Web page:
Seen in Jeonju

Revenge Week: Day 4

11th July 2013

canton viper
It was only a matter of time before I had to touch on the kung fu craze that dominated Korean action films for more than two decades. They are unavoidable when discussing revenge and Korean cinema unless you are limiting the discussion to just recent films. From the mid-60s to the late-80s, literally hundreds of these martial arts action films were created either as co-productions with Hong Kong film companies or as imitations of that popular style. The background of the movie could be different—set in the distant past the film would often be about an evil bandit or warlord and his gang that are terrorizing the countryside and who may have killed the hero’s family. Or it might be set in pre-World War II Asia where the Japanese army is moving gold or supplies through the region and the best friend of the hero’s, more likely than not working for the Independence Army, is killed fighting for a cause that the hero will pick up. Set in modern times, the movie was likely to involve drug trafficking where, once again, the family and/or friend of the hero is killed or the movie would be about two martial arts academies/temples/schools of thought that are rivals and the bad school winds up killing a student or teacher from the good school, so revenge becomes the goal of the day.

In fact, I think it is nearly impossible to separate the element of vengeance from the vast majority of Korean action films from this period. So why not tackle it directly? That is exactly what actor/director Hwang Jeong-ri did in his 1983 creation Canton Viper aka Kwangdong Viper. The story begins typically enough in that the truly despicable villain of the piece, Cheon-soo, is on the loose in the region, killing, raping and stealing wherever he wishes. One of his victims is the mother of young Ma-ryong. Left to his own devices, the child vowed revenge against the murderous Cheon-soo. Ma-ryong spends the next two decades training himself in various forms of combat for the fateful day when he challenges Cheon-soo.

Unlike many similar films, that climatic battle does not occur at the end. Normally in a kung-fu film, if the hero meets the villain early, it results in the hero getting soundly thrashed and nearly killed, sending him back for a montage of recovery and training. Not so in Canton Viper. Ma-ryong defeats and executes the villainous Cheon-soo, but the story does not end there. Instead the focus switches to pre-teen Il-pyeong, the son of Cheon-soo. The boy vows vengeance against whoever it was who killed his father—he is a little unclear on the matter—and sets off into the mountains to find a master of the martial arts to train him in fighting. The mountains are no place for a child on his own, and Il-pyeong barely survives the trek. He is discovered by Ma-ryong and his companion and the pair nurse the boy back to health. Ma-ryong agrees to train the boy in how to fight but it is not long until the child realizes Ma-ryong is the man who killed his father. Ma-ryong decides to spare the boy decades of bitterness and stop the cancerous desire of vengeance before it can take root in the boy’s soul. Giving the boy a trident, Ma-ryong allows himself to be run through, allowing the boy to fulfill the promise he made to his father’s memory and freeing him to grow up with the gnawing thoughts of revenge that had haunted Ma-ryong all his life.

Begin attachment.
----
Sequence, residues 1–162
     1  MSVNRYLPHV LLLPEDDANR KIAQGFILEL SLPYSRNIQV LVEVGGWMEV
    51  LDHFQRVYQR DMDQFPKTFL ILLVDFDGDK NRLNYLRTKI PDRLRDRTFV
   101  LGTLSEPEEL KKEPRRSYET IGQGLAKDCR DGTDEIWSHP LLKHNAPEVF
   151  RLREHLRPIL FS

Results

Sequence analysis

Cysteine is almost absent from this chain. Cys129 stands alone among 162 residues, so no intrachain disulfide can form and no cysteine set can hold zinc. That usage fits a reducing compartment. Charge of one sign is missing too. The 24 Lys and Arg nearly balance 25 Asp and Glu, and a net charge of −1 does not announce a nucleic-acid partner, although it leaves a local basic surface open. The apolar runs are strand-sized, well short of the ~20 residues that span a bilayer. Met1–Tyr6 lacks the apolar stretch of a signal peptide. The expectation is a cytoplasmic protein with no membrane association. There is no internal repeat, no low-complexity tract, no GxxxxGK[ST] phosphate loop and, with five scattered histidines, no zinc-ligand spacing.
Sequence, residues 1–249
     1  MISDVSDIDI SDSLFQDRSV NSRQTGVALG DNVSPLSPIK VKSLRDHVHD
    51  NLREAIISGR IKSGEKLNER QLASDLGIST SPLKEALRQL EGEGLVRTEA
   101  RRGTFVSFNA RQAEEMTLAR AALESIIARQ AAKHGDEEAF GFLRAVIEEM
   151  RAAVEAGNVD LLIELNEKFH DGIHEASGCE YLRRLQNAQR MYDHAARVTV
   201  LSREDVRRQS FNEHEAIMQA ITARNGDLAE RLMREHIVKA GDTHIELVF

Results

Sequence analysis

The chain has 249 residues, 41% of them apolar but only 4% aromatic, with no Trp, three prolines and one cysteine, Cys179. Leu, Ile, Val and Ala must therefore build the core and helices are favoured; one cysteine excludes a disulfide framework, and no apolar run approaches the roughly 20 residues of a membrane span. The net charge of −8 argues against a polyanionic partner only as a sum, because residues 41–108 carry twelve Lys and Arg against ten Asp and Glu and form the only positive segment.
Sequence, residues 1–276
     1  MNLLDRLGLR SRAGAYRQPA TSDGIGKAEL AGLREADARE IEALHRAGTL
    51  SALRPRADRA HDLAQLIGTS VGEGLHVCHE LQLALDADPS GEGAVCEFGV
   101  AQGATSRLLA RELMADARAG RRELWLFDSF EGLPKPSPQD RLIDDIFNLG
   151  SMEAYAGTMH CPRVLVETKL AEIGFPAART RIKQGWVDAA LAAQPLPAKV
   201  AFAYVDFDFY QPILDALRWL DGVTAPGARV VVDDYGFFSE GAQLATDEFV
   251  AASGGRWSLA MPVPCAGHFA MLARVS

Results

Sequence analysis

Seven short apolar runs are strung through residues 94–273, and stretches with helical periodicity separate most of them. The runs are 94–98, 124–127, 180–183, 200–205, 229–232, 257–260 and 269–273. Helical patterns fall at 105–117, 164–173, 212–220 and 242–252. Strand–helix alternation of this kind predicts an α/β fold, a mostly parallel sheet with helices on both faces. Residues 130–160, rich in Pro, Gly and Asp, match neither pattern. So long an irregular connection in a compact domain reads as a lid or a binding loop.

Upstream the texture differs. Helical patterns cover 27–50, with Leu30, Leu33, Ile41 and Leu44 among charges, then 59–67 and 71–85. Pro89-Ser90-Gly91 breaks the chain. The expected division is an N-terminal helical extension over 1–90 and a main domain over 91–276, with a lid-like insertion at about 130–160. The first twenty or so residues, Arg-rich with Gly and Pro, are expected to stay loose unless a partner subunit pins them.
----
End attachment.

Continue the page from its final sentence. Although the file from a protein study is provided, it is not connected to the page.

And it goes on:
It is an interesting touch that the name of the main character Ma-ryong is generally a villain’s name (Ma literally meaning ‘devil’—Ma-ryong’s name literally means Devil Dragon). I think the point that Hwang wanted to get across is that in another story, Il-pyeong would have been the hero seeking revenge against the man who killed his father, the evilly named Devil Dragon.

I have included two links below. The first is for a website that shows the last two minutes of the film. The second is for the trailer which, to be honest, is not the better of the two things to watch. The trailer consists entirely of fight scenes and they are not the best choreographed that I have seen.

I admit that I have a hard time sitting through this style of action movie… But the ending is really quite good.

The end of Canton Viper (광동살무사 aka Kwangdong Viper)— Only visible if you have a NAVER Id… if you don’t have one, you can view the the scene near the end where Il-pyeong is goaded into stabbing his teacher– just they don’t show the very touching death scene… However, the whole movie is available to view on Youtube, so you can see it that way..


Now head over to Modern Korean Cinema and see what other films are being covered for REVENGE WEEK

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